Thursday, October 27, 2011

Brutus

‘…But it is not private life alone, or that tenor of thought which has been depressed into melancholy by gloomy anticipations respecting the future, which disposes the mind to midday fantasies, or to nightly apparitions—a state of eager anxiety, or excited exertion, is equally favourable to the indulgence of such supernatural communications. The anticipation of a dubious battle, with all the doubt and uncertainty of its event, and the conviction that it must involve his own fate, and that of his country, was powerful enough to conjure up to the anxious eye of Brutus the spectre of his murdered friend Cesar, respecting whose death he perhaps thought himself less justified than at the Ides of March, since instead of having achieved the freedom of Rome, the event had only been the renewal of civil wars, and the issue might appear most likely to conclude in the total subjection of liberty. It is not miraculous, that the masculine spirit of Marcus Brutus, surrounded by darkness and solitude, distracted probably by recollection of the kindness and favour of the great individual whom he had put to death to avenge the wrongs of his country, though by the slaughter of his own friend, should at length place before his eyes in person the appearance which termed itself his evil Genius, and promised again to meet him at Philippi. Brutus's own intentions, and his knowledge of the military art, had probably long since assured him that the decision of the civil war must take place at or near that place; and, allowing that his own imagination supplied that part of his dialogue with the spectre, there is nothing else which might not be fashioned in a vivid dream or a waking revery, approaching, in absorbing and engrossing character, the usual matter of which dreams consist. That Brutus, well acquainted with the opinions of the Platonists, should be disposed to receive without doubt the idea that he had seen a real apparition, and was not likely to scrutinize very minutely the supposed vision, maybe naturally conceived; and it is also natural to think, that although no one saw the figure but himself, his contemporaries were little disposed to examine the testimony of a man so eminent, by the strict rules of cross-examination and conflicting evidence, which they might have thought applicable to another person, and a less dignified occasion….’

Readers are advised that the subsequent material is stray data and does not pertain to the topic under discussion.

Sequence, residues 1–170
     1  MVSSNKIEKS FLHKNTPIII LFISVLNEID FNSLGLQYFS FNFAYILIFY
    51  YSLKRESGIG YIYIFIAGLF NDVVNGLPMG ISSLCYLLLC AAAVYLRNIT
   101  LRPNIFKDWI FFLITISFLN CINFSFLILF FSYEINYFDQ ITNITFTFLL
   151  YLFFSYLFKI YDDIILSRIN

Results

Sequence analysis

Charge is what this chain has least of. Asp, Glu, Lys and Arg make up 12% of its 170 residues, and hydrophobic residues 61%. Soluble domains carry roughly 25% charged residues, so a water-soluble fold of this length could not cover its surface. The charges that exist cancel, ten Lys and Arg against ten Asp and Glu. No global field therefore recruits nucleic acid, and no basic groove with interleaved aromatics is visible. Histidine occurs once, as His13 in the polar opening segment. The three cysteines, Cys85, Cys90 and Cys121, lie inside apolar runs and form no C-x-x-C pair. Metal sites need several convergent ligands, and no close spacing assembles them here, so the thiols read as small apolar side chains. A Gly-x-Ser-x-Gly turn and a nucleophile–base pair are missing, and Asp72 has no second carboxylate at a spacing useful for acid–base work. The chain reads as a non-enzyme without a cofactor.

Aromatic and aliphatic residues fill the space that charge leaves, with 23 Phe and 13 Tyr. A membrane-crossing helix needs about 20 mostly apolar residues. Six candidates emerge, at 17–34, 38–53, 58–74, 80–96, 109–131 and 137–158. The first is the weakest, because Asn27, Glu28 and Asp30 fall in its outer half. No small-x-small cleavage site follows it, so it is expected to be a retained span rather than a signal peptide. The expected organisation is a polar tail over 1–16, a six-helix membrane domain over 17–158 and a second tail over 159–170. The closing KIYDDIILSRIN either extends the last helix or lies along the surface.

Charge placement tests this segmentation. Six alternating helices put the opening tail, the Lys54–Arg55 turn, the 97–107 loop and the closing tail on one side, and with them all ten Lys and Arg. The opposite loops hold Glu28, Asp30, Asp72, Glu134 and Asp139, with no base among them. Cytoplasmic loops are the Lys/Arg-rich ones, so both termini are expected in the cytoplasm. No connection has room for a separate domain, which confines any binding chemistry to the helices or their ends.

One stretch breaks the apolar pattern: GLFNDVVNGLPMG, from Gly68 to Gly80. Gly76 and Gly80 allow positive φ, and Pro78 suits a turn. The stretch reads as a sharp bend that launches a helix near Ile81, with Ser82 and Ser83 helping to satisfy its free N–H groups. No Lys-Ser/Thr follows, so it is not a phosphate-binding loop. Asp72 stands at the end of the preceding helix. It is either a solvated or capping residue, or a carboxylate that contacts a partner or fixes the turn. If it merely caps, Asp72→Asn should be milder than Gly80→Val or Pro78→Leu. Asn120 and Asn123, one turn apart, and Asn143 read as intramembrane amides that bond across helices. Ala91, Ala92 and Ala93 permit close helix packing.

Marcus Brutus’ birthday is known to be in late October.  Chambers’ Book of Days applies the date of October 27th, in the year 42 B.C.  Sir Walter Scott’s insightful comments are published in his “Letters on Demonology and Witchcraft”.

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